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Gerry 1943

Quantizing audio tracks.

Question

This is my first trial at audio. ( guitar )

Is there a way to quantize an audio track the same way we can quantize a midi track.

I am having difficulty starting a riff on time.

Any help would be greatly appreciated.

Regards

 

Gerry

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There is but it's a bit fiddly (but works great if you can bear with it). Audiosnap is what you're after:

https://www.cakewalk.com/Documentation?product=SONAR&language=3&help=AudioSnap.01.html

I'd tend to spend the time dropping in your own manually inserted markers rather than letting Audiosnap try and detect things. It's more work in the beginning, but you'll get much better results in the end.

 

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Unfortunately the best answer is probaly more practice on the guitar :|

You can chop up the clip and tweak things by eye / ear..slide the start times of notes to where you need and use crossfading to smooth over the edits to the next note.

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As a guitarist, I whole-heartedly endorse the "more practice" suggestion 😋

But as a producer, sometimes:

  • The end justifies the means, in that if you want to get to a certain point and you don't have the ability to do it at the recording stage yet, we luckily have the tools to help get a vision realised. Sometimes the goal is to get a song written or demo'd rather than having to become a competent player first.
     
  • There's some things that even a great guitarist might not be able to do, like sample-accurate locking in with loops and sequences, where if you quantize your part, you can get a level of tightness that a certain style of music might need (I'm all for the excitement that a human element can bring to a part but sometimes you need it to sound super tight).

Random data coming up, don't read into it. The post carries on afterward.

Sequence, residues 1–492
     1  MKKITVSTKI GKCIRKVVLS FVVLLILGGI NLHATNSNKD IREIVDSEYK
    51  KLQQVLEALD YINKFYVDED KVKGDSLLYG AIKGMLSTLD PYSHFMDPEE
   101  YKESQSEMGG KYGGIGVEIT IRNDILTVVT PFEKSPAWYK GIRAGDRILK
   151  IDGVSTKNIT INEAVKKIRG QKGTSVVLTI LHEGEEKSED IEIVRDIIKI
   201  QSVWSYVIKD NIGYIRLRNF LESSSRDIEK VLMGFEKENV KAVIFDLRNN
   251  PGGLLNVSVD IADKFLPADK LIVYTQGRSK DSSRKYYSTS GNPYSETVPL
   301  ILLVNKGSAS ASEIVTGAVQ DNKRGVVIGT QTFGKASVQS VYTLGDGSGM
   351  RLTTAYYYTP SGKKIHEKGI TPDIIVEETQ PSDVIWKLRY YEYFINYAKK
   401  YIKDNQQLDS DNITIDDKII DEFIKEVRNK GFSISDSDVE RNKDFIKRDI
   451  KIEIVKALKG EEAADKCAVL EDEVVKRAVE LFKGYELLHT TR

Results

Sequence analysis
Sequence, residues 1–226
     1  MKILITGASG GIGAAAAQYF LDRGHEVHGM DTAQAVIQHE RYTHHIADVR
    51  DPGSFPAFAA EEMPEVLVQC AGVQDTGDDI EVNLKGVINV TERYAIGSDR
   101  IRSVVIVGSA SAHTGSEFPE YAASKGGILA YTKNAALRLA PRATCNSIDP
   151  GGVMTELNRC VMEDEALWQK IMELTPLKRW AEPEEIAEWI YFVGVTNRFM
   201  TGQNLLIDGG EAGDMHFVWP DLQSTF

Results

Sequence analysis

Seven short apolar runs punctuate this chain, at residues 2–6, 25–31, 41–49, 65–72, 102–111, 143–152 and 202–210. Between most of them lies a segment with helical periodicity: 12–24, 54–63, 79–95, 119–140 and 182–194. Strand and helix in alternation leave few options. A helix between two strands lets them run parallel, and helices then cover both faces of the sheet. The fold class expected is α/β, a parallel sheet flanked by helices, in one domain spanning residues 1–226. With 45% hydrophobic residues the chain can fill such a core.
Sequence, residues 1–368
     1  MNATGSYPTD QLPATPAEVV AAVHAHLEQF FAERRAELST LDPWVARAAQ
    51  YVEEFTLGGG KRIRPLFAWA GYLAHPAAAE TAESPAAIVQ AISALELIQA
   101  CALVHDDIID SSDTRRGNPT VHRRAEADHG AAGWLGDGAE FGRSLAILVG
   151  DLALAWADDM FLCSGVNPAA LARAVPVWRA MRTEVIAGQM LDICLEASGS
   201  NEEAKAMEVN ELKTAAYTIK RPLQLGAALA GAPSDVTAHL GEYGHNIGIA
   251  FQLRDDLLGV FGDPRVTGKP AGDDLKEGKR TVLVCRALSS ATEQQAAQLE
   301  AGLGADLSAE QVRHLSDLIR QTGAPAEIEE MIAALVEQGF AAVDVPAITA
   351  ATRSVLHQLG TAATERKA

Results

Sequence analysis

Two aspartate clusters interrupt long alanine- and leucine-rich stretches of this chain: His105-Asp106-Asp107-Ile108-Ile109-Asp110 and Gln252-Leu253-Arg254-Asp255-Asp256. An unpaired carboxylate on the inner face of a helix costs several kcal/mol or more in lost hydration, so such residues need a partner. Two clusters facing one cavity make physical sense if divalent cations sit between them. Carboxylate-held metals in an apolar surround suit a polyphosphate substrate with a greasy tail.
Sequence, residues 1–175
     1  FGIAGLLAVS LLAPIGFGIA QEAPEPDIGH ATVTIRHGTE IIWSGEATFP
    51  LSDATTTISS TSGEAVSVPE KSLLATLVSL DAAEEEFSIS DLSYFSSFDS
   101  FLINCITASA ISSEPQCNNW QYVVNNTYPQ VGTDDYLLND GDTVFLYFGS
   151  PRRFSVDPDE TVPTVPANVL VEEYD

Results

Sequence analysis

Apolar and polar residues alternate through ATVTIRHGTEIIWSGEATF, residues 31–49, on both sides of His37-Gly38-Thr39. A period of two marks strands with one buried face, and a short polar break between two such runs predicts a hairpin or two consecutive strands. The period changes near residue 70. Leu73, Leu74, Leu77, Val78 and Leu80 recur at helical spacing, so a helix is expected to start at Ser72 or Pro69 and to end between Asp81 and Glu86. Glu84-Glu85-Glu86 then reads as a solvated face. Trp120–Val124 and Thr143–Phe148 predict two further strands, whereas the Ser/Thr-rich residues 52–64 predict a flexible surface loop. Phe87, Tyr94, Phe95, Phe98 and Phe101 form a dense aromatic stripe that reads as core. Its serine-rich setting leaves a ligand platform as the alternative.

I personally wouldn't use the slice/crossfade method on this, I'd be inclined to use stretching instead, just so you're not getting odd artefacts as notes loop over each other. That can work for drums but for guitar it can be really iffy on the sustain of notes.

But this all said, quantizing is great and will get you over the line, but there's a magic in someone just nailing their part. It's  those little human variations that add so much excitement and thickness to a part that makes it something special. I'd definitely recommend doing a bunch of takes and editing together the best parts rather than quantizing once you're up to the ability to do that. The part will really come to life!

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And don't forget that between 0-100% you've got 99 variations. Sometimes quantizing by 20% will do great job.

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If the start time is the problem, and if the whole performance is off by the same amount, then it is not quantizing you need, but just shifting the performance to the right start time.

If that's it, the root cause could be that there is some inherent latency in the playback of whatever you are playing against in the project, be that a metronome or a prearranged accompaniment. Usually, a recording is aligned (after the fact) when played against a project with latency, but sometimes things can go wrong with that.